Water heaters are a vital piece of plumbing in your household as they control the temperature of the water running through your faucets and showers. By simply routinely inspecting and maintaining, you can prolong the lifetime of your water heater.
To help you maximize the 10-15-year performance of your water heater, we’ve compiled a to-do list:
- Visually Inspect. It is important to check for leaks around your unit indicating there may be a faulty pipe connection. Keep an eye out for puddling water coming from below your water heater. Additionally, it is recommended to keep the surrounding two-foot area around your water heater clear, should any issues with your water heater arise.
- Examine the Sacrificial Anode Rod. It is recommended to check on your anode rode every three years, and they will generally need to be replaced every six years. To check on your anode rod, attach a hose to the water outlet on the side of the tank and drain a few gallons of water into a bucket. Then, remove the hex head and pull the rod out of the top of the tank. You will need to replace the rod if more than 6 inches of core steel wire is exposed, if the rod is calcified or if it is less than half an inch thick.
- Drain the Water Heater. You should drain your water heater once a year. This will clear the dirt and sediment out of the bottom of the tank. To do this, you will need to drain the remaining water into the bucket. You will then need to stir up the sediment on the bottom of the tank by turning on the cold-water flow for a few moments. Repeat this process until the water drains clear. You can then remove the hose, close the water outlet and turn the hot and cold-water flow back on to refill your water heater tank.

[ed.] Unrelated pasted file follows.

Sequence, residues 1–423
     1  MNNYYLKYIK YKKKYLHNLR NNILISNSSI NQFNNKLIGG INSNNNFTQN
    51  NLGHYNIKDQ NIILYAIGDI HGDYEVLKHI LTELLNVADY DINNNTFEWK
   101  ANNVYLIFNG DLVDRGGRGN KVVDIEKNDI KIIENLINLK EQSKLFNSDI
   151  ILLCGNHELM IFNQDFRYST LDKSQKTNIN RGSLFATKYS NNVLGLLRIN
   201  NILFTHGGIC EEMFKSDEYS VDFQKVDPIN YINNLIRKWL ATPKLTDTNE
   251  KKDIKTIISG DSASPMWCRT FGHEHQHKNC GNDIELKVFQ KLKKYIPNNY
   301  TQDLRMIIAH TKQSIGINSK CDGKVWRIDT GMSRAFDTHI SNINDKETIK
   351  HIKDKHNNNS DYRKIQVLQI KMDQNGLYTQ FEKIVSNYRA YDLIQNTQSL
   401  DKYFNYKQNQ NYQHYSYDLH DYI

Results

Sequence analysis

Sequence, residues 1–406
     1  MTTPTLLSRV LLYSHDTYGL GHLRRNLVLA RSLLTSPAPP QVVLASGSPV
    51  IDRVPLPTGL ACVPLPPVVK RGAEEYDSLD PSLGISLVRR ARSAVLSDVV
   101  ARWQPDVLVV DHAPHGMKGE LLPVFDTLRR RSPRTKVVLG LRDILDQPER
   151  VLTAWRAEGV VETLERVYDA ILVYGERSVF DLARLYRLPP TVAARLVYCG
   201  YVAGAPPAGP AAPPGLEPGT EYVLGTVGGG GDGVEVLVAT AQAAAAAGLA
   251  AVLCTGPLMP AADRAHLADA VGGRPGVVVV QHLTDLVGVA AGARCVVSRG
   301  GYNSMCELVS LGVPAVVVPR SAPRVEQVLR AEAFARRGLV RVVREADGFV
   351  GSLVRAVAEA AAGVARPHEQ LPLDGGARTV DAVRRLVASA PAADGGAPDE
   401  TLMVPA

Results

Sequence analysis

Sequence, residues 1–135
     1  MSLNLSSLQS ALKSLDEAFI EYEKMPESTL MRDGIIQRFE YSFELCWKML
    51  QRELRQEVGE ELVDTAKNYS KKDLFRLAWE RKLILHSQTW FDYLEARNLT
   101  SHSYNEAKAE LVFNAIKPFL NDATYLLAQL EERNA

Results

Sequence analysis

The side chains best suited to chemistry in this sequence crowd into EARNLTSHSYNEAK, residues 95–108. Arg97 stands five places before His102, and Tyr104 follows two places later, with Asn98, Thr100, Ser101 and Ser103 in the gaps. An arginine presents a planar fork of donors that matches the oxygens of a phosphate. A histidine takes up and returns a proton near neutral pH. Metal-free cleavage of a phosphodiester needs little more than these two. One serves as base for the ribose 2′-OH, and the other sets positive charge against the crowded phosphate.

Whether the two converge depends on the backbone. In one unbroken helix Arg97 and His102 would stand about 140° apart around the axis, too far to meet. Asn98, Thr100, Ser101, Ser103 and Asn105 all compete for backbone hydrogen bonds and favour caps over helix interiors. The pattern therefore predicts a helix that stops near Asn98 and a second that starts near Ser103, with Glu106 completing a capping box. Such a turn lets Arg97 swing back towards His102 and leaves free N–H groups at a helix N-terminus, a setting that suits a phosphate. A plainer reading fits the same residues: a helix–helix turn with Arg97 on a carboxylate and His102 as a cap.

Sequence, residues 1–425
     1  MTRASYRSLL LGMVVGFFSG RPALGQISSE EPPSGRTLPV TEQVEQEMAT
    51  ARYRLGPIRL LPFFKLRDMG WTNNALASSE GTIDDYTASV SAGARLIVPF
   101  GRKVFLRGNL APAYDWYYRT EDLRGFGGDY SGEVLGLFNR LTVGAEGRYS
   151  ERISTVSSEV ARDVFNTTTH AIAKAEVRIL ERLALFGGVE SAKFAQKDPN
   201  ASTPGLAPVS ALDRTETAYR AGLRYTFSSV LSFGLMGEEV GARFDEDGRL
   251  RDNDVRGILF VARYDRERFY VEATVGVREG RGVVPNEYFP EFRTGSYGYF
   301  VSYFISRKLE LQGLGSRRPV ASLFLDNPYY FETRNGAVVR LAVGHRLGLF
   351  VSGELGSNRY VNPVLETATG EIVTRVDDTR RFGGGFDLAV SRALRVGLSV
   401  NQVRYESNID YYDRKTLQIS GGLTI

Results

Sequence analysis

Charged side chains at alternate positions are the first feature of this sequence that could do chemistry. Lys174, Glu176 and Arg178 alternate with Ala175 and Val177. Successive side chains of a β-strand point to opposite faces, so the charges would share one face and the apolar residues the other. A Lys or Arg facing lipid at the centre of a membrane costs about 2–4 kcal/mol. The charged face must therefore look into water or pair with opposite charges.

- Check the Temperature and Pressure Relief Valve. The Temperature and Pressure Relief Valve, or TPR Valve, is vital for safety and proper operation of your water heater. It is recommended you check your TPR Valve every 6 months and every time you maintenance your water heater. Lift the TPR Valve up and down a few times. You should hear gurgling as the water is released into the drain tube. If no water comes out or if there is only a trickle, contact a plumber to replace the valve. If water continues to flow after the valve test, continue to move the Valve up and down to free any dirt or sediment that may be blocking the Valve from aligning properly. Lastly, you will want to make sure the temperature is set no higher than 120 degrees to avoid scalding and overheating.